Formations, whilst ‘important’ in some ways, it is only really the way you line-up before kick-off.
Beyond that, it all goes a little crazy, and a lot of success will come from that crazy.
Traditionally, players have been pigeon-holed.
“Today you are a defender, so you need to defend” which also translates to “you don’t attack” – think of seeing players standing on the halfway line or the build-out line waiting to ‘defend’.
Recommended 7v7 formation.
1 ‘goalkeeper’ – 3 ‘defenders’ – 2 ‘midfielders’ – 1 ‘striker’
Whilst the players are identified in lines (defense, midfield, attack) they should actually be referred to by their position number – #2, #3, #4, #6, #8, #9. Each position number then has responsibilities.
For example, this formation lends itself to attacking centrally, so you might set up to ‘attack’ like this:
Note. The #4 who is traditionally a ‘central defender’ is integral to helping this team attack through the middle, so think about the responsibility explanation to that player. You might also flip this and use the #2 and #3 to attack with width – now they are not just ‘defenders’ but ‘attackers’ too.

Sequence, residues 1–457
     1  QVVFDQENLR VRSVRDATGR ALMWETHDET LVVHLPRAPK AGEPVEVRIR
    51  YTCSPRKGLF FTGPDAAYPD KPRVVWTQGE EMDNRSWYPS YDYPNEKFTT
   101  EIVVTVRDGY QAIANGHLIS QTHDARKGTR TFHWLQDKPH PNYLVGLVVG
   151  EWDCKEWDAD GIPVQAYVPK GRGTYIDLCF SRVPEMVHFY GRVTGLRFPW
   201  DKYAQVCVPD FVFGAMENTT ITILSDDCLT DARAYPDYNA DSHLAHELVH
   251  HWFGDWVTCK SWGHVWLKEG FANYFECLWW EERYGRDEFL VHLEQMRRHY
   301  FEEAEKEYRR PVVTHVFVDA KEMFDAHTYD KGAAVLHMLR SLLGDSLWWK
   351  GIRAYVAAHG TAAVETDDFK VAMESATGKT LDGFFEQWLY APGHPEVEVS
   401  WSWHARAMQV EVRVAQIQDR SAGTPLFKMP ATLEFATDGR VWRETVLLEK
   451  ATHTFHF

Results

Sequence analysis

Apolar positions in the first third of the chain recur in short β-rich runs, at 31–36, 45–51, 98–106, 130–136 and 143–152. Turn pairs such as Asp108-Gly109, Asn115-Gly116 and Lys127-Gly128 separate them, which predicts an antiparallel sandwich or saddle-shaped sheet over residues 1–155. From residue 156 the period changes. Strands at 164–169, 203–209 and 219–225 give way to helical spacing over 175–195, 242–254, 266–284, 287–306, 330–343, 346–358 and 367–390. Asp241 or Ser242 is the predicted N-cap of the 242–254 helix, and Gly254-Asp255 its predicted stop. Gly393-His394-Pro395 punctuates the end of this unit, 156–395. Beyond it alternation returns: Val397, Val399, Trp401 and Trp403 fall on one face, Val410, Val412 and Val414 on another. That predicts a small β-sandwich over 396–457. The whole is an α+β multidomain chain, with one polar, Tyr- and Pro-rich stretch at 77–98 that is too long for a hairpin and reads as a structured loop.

Why is this recommended?
One of the key nuances for 7v7 is the build-out line, so having three in front of the goalkeeper will help to create support for the ball being passed into the game. Ahead of the ball, two and one can be used as target players to help the team move forward.
Importantly, because there are fewer players further forward, the formation will lend itself to a game model that doesn’t want to play boot ball.
All formations can be tailored to your own style and also your own players. You might have a really creative player who is confident with the ball, so letting them play free may mean you technically play a 1-3-1-1 with the 7th creative player anywhere!
When you move to 9v9, your 1-3-2-1 could become a 1-4-3-1. It could also be a 1-3-3-2. It’s your choice, but understand that what you set up now, will help with familiarity at 9v9 and after that at 11v11.
Other formations to consider and explore:
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